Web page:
Prepaid expenses are the result of advanced cash payments for expenses that a company will incur over multiple accounting periods in the future. Companies adjust prepaid expenses periodically to reflect the part of the prepaid expenses incurred over time. If prepaid expenses are not adjusted, they will be overstated and the expenses actually incurred understated. A misrepresentation of prepaid expenses and incurred expenses will have an impact on both the balance sheet and the income statement.
Prepaid expenses become incurred expenses either with the passage of time or through consumption. Examples of prepaid expenses include annual insurance payments and prepaid rents that expire with time, or office supplies that last for multiple accounting periods and expire by uses. When companies purchase prepaid expenses, they debit prepaid expense and credit cash. The original amount of prepaid expenses decreases as portions of the prepaid expenses are charged into actual expenses when incurred in the future.
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A prepaid expense is not an expense item as the term implies but rather an asset reported on the balance sheet. The debiting of prepaid expense to record the prepayments for future expenses increases the account balance of the prepaid expense as an asset. Over time, when companies resort to the asset of prepaid expenses to cover future expenses, the balance in the account of prepaid expense should decline accordingly. However, without making any adjustments, the account balance stays as originally recorded, overstating the value of prepaid expenses as an asset.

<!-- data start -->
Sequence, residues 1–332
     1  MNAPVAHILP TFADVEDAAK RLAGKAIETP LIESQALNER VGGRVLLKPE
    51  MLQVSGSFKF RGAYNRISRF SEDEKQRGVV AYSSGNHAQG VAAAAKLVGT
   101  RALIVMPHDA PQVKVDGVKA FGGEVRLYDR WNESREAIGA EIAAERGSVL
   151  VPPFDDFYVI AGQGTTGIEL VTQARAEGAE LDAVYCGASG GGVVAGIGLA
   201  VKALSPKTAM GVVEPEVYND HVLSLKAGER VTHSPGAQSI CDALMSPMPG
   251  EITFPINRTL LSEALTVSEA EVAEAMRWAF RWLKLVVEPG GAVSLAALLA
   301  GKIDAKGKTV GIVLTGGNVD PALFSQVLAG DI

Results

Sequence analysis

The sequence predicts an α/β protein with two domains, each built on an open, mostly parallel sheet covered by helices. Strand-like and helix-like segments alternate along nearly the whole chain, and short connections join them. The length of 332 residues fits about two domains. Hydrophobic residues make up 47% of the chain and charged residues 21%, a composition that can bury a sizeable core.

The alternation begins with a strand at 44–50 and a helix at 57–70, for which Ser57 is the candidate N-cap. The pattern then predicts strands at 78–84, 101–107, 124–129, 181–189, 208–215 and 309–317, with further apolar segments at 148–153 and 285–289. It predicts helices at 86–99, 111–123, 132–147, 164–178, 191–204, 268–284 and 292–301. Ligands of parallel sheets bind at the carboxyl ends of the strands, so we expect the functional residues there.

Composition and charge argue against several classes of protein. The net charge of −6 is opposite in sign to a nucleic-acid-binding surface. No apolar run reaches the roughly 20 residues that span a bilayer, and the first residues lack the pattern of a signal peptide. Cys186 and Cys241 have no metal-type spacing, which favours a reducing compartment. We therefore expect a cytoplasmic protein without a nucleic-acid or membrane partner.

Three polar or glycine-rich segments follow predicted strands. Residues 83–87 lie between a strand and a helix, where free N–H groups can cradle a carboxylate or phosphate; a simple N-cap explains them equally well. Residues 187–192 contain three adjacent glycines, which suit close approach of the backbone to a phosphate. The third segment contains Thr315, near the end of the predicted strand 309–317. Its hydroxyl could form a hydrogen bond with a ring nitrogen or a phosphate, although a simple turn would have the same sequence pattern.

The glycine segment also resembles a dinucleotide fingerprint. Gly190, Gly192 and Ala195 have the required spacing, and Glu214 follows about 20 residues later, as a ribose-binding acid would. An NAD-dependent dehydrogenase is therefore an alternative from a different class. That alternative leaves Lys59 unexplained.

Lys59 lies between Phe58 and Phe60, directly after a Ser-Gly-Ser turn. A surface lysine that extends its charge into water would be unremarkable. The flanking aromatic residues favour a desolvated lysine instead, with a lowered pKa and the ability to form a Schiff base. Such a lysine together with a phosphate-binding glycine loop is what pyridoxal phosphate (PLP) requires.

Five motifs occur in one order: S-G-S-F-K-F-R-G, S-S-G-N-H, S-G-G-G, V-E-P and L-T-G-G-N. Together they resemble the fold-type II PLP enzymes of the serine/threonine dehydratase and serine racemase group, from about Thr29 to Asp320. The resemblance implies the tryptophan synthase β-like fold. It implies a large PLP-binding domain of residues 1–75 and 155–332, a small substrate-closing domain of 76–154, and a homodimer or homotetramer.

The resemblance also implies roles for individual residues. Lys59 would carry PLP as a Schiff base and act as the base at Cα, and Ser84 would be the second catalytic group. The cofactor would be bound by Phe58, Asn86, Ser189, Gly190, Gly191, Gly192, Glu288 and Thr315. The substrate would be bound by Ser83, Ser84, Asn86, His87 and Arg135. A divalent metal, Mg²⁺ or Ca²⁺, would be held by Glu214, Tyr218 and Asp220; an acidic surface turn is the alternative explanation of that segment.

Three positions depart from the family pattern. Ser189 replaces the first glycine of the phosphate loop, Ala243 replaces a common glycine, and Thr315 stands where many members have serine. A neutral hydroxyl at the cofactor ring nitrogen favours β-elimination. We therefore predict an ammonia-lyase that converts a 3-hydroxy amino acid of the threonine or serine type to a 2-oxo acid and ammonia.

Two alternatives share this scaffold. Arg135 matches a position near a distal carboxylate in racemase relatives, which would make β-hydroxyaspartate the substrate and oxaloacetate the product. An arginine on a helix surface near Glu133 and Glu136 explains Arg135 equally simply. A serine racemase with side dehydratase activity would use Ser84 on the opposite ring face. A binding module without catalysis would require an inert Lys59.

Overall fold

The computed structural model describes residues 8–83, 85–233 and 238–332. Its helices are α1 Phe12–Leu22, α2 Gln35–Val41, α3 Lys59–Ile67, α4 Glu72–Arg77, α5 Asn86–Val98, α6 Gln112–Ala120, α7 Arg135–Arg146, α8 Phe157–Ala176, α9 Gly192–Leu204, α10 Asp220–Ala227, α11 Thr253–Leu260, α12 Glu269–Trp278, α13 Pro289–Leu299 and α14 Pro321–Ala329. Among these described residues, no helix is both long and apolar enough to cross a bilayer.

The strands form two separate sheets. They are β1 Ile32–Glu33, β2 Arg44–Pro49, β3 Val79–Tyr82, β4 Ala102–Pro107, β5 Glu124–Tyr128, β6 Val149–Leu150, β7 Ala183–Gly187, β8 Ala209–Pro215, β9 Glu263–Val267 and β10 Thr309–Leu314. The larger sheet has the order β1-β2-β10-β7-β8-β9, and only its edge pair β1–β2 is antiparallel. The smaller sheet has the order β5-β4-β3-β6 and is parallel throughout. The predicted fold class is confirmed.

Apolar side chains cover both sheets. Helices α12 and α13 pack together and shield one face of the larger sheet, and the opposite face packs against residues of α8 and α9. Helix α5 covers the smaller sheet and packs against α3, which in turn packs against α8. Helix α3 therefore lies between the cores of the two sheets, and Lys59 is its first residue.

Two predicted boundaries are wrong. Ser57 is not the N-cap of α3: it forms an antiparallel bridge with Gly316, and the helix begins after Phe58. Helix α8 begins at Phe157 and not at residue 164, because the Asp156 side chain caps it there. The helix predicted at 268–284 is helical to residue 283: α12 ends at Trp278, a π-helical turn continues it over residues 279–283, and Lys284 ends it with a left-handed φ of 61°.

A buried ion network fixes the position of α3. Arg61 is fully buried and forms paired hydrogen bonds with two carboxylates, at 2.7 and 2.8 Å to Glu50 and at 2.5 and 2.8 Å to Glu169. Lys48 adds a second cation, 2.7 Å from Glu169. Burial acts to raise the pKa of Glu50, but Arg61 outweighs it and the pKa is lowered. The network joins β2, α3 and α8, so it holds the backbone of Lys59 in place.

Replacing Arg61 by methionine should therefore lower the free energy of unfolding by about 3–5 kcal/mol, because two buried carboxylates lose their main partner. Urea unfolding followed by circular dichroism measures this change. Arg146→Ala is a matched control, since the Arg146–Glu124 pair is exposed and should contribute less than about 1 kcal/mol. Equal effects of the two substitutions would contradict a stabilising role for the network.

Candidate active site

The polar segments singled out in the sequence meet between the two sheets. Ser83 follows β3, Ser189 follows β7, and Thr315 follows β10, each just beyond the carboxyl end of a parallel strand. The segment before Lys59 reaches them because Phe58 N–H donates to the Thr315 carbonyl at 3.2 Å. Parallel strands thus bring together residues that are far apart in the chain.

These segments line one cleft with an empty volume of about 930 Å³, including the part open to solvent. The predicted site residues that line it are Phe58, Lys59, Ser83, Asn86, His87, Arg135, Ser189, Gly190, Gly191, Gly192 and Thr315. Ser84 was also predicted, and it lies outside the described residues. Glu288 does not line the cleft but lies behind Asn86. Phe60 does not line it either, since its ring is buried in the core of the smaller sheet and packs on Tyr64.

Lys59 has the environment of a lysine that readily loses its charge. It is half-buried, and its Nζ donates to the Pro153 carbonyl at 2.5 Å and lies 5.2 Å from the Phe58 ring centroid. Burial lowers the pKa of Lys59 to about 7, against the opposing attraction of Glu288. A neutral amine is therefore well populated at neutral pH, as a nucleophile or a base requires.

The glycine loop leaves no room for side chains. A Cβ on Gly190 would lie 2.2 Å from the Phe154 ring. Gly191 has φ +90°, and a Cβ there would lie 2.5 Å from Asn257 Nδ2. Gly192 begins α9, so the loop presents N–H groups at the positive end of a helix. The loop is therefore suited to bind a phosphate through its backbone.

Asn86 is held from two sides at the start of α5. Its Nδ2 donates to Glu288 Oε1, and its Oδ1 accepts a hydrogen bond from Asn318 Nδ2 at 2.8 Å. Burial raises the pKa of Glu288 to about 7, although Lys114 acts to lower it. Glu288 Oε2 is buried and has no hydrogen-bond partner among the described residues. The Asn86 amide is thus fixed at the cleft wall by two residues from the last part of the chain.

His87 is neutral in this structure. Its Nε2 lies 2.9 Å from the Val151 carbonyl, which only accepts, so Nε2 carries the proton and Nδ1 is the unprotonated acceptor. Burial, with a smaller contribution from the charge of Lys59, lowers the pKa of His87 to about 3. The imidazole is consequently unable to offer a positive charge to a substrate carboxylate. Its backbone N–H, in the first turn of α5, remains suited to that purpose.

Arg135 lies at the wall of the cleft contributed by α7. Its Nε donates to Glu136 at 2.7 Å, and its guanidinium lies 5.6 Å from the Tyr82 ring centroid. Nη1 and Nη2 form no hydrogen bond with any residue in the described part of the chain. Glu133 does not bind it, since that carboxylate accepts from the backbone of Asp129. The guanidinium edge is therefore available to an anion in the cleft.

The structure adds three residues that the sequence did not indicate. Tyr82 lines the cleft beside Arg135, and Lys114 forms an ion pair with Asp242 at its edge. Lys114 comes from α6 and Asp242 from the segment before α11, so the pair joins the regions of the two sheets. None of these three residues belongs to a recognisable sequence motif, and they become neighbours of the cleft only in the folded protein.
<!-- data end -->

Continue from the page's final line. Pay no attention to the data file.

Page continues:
Expenses incurred in future accounting periods out of prepaid expenses are reported as expense items in the income statement. Since companies have prepaid for the expenses that they will incur in the future, there won't be any transactions linked to the incurrence of expenses during any of the future accounting periods. Without an accompanied business transaction, companies sometimes may forget to record and report an expense after having incurred it. The omission of such expense adjustments understates the amount of expense in the income statement.
Companies use adjusting entries at the end of an accounting period to adjust prepaid expenses and record the expenses incurred. The adjusting entries are a credit entry to the account of prepaid expense on the balance sheet and a debit entry to the expense account on the income statement. The credit adjustment reduces the account balance of the prepaid expense and the debit adjustment increases the expense incurred. With the adjustments, prepaid expense as an asset on the balance sheet and the expense incurred and reported on the income statement are appropriately stated to their correct balances.